For us, as reporters, the problem is not the ability to prove that rocks or Molotov cocktails were thrown during the month of December, but how can you disprove such an allegation when it concerns a specific person. Had they mentioned a specific date, one could presumably prove that Nadal was taking an exam at the university at that time, or perhaps he was on his way to Egypt to take part in the revolution…. But the writers of the indictment wish to leave as many options as possible, and the judge has to decide between what he hears and what the Military Prosecution instructs, and his own political views; he hears what he chooses to hear. December is accurate enough for him, and the ambiguity contributes to the risk factor. The accused, on the other hand, had no way of knowing what was said, since the prosecutor spoke Hebrew and there was no translation to Arabic.


Back to Witness No. 3.

On 26.6.13 he testified to the police that during Operation Pillar of Defense in Gaza – 6 months earlier – he himself had thrown rocks at military jeeps entering the village. The witness said that he threw them alone, but he knew, and he saw others who participated in protests and threw rocks. He mentioned 16 people, including the defendant whom he also identified in a photo and mentioned the day before.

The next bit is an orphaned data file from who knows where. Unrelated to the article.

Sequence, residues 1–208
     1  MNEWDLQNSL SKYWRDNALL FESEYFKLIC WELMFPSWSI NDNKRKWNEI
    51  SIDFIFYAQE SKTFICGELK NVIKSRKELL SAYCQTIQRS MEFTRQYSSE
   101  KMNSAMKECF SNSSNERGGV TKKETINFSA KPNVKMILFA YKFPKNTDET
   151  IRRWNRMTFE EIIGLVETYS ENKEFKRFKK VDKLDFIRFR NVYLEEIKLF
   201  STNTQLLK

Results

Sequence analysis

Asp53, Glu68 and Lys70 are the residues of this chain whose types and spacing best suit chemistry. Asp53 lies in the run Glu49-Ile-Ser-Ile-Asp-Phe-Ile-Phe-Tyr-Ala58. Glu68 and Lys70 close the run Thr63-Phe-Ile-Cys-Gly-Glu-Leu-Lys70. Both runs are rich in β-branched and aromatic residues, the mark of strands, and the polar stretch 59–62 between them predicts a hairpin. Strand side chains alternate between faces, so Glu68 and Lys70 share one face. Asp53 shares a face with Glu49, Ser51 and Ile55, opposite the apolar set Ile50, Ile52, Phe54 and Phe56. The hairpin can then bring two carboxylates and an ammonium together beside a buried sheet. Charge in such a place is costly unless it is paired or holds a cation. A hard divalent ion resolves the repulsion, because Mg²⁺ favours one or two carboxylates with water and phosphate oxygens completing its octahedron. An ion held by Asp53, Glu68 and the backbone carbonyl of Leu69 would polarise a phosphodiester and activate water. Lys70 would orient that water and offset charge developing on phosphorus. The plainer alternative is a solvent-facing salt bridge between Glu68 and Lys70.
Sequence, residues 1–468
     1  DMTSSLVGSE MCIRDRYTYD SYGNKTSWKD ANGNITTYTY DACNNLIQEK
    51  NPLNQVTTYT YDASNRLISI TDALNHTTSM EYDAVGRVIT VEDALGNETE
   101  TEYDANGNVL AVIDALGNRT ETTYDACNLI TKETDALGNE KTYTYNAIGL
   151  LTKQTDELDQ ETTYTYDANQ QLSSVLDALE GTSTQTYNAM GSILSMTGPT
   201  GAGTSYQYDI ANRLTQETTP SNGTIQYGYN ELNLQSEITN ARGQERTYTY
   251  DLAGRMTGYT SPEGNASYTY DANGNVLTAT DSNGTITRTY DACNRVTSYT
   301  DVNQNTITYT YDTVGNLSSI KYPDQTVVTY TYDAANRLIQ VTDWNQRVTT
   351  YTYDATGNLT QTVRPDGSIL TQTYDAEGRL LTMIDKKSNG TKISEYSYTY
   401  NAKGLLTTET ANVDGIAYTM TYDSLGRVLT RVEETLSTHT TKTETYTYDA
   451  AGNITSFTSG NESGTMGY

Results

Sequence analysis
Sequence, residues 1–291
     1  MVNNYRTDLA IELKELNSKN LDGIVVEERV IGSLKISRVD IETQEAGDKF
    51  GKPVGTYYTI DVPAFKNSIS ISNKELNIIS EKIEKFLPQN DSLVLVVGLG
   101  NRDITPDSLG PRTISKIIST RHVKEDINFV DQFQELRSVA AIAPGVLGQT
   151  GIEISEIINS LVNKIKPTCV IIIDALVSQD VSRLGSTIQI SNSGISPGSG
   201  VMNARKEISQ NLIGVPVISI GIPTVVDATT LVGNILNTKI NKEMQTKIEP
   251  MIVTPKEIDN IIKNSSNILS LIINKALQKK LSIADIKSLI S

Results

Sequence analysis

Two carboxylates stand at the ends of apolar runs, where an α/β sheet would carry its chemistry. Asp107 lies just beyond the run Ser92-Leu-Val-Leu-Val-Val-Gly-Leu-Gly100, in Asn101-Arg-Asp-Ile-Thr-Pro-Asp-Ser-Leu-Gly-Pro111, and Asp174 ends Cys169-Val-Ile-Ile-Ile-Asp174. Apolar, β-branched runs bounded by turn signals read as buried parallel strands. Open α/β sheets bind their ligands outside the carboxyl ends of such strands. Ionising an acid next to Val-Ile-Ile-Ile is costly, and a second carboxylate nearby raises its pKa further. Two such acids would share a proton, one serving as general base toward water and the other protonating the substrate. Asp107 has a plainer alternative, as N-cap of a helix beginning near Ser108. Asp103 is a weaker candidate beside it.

A suspended sentence against Nadal Maslah is still in effect, and it could be activated even if what he did between December 14-21 could not be ascertained. The definition of “the month of December” gives the military prosecution enough space to maneuver.


The defense mentioned that in an earlier hearing, on 4.7.13, the (res.) military judge, Kobi Sudri, decided to release the defendant, stating that Witness No. 3’s testimony does not contain details or explanation as to how he knew about the suspect’s involvement in the rock throwing.

Today’s judge, Moshe Levi, thought otherwise and remanded him in custody.